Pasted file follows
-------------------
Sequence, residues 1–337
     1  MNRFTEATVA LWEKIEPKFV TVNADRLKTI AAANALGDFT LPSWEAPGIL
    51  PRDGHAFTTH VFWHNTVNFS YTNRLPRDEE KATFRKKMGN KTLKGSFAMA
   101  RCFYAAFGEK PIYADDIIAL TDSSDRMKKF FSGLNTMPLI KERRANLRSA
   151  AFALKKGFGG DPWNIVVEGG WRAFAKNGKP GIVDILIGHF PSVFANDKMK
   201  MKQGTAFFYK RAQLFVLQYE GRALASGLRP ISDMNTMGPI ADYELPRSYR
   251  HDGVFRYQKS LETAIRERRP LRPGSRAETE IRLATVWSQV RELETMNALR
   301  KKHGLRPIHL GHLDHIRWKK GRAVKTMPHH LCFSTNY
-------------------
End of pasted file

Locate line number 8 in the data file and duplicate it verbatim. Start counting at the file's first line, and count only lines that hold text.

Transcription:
   301  KKHGLRPIHL GHLDHIRWKK GRAVKTMPHH LCFSTNY